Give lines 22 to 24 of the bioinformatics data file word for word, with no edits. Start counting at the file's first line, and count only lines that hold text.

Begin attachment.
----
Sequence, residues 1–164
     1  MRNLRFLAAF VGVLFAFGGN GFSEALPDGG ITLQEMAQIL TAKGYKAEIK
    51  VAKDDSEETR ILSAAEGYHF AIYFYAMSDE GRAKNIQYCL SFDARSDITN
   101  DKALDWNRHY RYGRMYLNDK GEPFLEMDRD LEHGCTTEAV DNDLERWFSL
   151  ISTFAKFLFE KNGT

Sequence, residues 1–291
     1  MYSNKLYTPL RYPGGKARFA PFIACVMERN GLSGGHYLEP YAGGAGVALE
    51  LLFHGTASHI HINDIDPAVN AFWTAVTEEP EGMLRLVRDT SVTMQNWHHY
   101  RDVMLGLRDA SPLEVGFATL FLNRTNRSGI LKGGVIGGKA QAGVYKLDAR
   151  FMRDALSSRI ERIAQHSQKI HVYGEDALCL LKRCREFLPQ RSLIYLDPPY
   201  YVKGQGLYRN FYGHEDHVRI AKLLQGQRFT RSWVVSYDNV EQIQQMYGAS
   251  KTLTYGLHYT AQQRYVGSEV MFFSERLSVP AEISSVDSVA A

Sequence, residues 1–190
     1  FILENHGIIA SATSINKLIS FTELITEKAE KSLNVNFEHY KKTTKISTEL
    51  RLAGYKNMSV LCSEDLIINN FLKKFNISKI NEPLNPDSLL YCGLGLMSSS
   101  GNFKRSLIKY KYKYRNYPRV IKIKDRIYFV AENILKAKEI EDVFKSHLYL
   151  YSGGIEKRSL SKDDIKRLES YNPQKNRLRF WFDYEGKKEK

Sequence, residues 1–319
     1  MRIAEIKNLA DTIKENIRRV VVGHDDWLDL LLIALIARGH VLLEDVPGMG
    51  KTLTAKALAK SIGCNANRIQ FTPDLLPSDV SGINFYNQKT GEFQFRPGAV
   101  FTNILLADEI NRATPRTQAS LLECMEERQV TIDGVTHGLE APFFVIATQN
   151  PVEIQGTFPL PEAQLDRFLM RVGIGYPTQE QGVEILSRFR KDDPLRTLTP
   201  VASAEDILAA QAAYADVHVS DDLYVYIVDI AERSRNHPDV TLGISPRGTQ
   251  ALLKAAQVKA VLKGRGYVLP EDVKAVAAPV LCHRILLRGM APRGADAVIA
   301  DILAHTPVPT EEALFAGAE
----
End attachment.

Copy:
   151  PVEIQGTFPL PEAQLDRFLM RVGIGYPTQE QGVEILSRFR KDDPLRTLTP
   201  VASAEDILAA QAAYADVHVS DDLYVYIVDI AERSRNHPDV TLGISPRGTQ
   251  ALLKAAQVKA VLKGRGYVLP EDVKAVAAPV LCHRILLRGM APRGADAVIA